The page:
Encyclopedia 2022, 272design standards—thus ideal for multi-storey applications. In most current modularapplications, a structural system such as this, with columns and structural connections,is made from steel.As discussed above, most multi-storey modular buildings found around the worldare assemblies of corner-supported modules that are laterally connected to a cast in situconcrete core. This in situ core effectively acts as the primary lateral load resisting elementand, in many of these, the floors are poured with concrete after installing the modules.Although these methods are innovative and do save construction time initially, they donot characterise the structures as purely modular nor provide them with the previouslymentioned benefits of modular construction. Gunawardena et al.  introduced a newconcept of an advanced corner-supported structural system, where the shear core of thebuilding could be formed by special modules with infill concrete walls. This would allow amulti-storey building to be constructed using corner-supported modules that could laterbe dismantled to construct other buildings elsewhere. Since then, similar concepts haverealised into prefab structural systems in high-rise modular buildings such as the La Trobetower in Melbourne, Australia .2. Approach to Structural Design in a DfMA (Design for Manufacturing andAssembly) FormatAs shown in Figure 2, the design stage of a traditional construction project wouldfollow a path where initially, a conceptual structural design, also known as a schematicdesign, would be drafted. At this conceptual design phase, the design loads on the structureare determined; locations and arrangement of the structural elements are decided; andpreliminary sizing of all structural elements are carried out. This conceptual design wouldproduce structural GAs (general arrangements) that contain a preliminary arrangementand the dimensions of all structural elements with a construction detail of foundations (asfoundations need to be constructed first). These schematic designs would be adequate tobe produced for approvals from councils (or a similar regulatory body), and even to callfor tenders from potential builders. The take-offs for bills of quantities (BOQs) are usuallyobtained from these schematic GAs using rules of thumb to estimate quantities where nodetailed designs are provided (such as the quantities of steel reinforcement). Thereafter, adetailed structural design would be produced, with all the necessary details needed to fullyconstruct the structure (for example, reinforcement details of concrete beams, columns, etc.and connection details of steel and timber structures).The design process of a prefab building takes a somewhat different and an arguablyimproved approach (Figure 3). This is mainly due to the necessity of completing the projectin a much shorter time and also because the structural design takes place centred aroundthe particular prefab builder, while the specific design task may be subcontracted to anoutside structural engineering firm. It is significant how the collaboration of both thebuilder and the structural engineer is critically important in achieving the design of aprefab building. An efficient structural design of a prefab building will only be achievedwith continuous consultation with the builder, and particularly their in-house teams thatlook after construction logistics and procurement. Mainly, two different types of prefabprojects can be identified as they reach the office of a prefab builder or a designer:Type A—Projects that were conceptualised from the early stages to be built as a prefabbuilding.Type B—Projects that were initially conceptualised to be built with traditional constructionmethods (in situ) but are subsequently required to be built using prefab methods.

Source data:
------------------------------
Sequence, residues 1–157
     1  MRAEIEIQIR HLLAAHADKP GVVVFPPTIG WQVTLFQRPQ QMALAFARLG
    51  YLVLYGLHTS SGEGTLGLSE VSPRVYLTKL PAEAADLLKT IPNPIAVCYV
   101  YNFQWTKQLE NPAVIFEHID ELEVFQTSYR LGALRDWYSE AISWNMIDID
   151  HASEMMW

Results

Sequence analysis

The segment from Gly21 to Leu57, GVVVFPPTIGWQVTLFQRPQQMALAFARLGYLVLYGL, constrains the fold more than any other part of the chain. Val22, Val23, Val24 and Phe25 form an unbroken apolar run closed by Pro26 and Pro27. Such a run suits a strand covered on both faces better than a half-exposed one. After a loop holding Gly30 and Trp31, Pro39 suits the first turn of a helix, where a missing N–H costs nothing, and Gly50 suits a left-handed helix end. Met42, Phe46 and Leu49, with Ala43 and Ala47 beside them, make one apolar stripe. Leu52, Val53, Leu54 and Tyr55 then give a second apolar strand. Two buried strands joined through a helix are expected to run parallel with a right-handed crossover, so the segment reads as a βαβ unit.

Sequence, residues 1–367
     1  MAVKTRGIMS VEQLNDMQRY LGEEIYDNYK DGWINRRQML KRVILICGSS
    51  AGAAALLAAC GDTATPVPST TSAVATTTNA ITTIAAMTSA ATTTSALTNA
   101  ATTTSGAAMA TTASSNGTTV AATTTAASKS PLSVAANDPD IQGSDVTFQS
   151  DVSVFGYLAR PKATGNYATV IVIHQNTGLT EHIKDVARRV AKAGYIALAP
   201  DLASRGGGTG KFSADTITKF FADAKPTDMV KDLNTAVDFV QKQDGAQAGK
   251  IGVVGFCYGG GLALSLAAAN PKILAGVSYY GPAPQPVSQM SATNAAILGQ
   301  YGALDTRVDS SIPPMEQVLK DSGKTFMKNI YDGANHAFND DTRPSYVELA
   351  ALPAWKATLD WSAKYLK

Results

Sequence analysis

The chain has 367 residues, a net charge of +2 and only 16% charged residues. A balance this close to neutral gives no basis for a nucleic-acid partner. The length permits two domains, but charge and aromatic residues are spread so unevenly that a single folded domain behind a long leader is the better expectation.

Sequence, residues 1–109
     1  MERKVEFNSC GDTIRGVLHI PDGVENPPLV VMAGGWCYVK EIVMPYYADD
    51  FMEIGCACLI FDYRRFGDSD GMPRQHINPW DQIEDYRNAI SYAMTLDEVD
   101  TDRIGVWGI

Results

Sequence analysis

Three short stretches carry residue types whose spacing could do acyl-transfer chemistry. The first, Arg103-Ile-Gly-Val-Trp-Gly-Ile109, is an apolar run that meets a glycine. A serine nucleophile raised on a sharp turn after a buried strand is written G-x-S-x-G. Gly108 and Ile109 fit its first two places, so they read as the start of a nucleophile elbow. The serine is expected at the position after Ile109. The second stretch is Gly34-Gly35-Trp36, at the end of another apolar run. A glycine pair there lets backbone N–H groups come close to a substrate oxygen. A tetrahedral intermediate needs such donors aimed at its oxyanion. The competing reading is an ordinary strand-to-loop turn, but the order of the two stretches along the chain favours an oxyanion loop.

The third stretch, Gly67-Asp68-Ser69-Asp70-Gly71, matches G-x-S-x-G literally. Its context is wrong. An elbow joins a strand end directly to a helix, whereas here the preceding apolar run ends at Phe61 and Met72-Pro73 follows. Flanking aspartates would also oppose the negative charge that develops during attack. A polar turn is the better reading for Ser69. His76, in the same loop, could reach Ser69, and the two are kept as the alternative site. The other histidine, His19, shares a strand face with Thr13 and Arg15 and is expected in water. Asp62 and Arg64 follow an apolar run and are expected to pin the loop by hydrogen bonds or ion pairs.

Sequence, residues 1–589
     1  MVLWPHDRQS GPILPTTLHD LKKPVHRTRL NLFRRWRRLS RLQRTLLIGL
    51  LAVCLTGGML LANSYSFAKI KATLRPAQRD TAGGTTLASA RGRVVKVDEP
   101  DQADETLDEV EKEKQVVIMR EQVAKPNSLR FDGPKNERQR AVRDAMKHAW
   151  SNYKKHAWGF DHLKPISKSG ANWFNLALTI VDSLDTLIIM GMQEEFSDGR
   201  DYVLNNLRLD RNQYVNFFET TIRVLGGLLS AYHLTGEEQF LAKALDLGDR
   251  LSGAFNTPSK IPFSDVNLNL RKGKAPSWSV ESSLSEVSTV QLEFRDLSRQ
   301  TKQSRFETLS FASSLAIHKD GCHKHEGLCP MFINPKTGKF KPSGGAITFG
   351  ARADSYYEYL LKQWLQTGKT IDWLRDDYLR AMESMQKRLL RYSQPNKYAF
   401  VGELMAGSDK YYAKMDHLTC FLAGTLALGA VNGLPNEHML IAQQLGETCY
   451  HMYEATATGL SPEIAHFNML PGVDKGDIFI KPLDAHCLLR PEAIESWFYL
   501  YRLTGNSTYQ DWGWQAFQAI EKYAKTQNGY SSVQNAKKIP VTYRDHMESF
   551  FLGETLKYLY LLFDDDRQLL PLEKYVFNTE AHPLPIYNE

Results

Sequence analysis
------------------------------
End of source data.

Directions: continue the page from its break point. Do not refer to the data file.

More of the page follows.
2 FOR PEER REVIEWEncyclopedia 2022, 2,734FigureEncyclopedia 2022, 2, FOR PEER REVIEW5Figure 2.2. PhasesPhases signdesign processprocess forfor ananin-situin-situ constructionconstruction alongsidealongside otherotherrelatedphase ofof thethe project.project.related activitiesactivities thatthat occuroccur concurrentlyconcurrently withwith eacheach phaseThe design process of a prefab building takes a somewhat different and an arguablyimproved approach (Figure 3). This is mainly due to the necessity of completing the project in a much shorter time and also because the structural design takes place centredaround the particular prefab builder, while the specific design task may be subcontractedto an outside structural engineering firm. It is significant how the collaboration of boththe builder and the structural engineer is critically important in achieving the design of aprefab building. An efficient structural design of a prefab building will only be achievedwith continuous consultation with the builder, and particularly their in-house teams thatlook after construction logistics and procurement. Mainly, two different types of prefabprojects can be identified as they reach the office of a prefab builder or a designer:Type A—Projects that were conceptualised from the early stages to be built as a prefabbuilding.Type B—Projects that were initially conceptualised to be built with traditional construction methods (in situ) but are subsequently required to be built using prefab methods.Figure 3. A typical DfMA (design for manufacturing and assembly) process for a prefab construcFigure 3. A typical DfMA (Design for Manufacturing and Assembly) process for a prefab constructiontion alongside other related activities that occur concurrently with each phase of the DfMA process.alongside other related activities that occur concurrently with each phase of the DfMA process.Out of these, a Type A project would be designed initially by an architect who is quiteknowledgeable and experienced in prefab construction methods and would result in arather smooth process thereafter for the structural designers and the prefab builders. Onthe contrary, converting a design that was initially conceptualised to be built as an in-situbuilding (Type B) to then be a prefab building is a rather tedious and at times a very complex activity.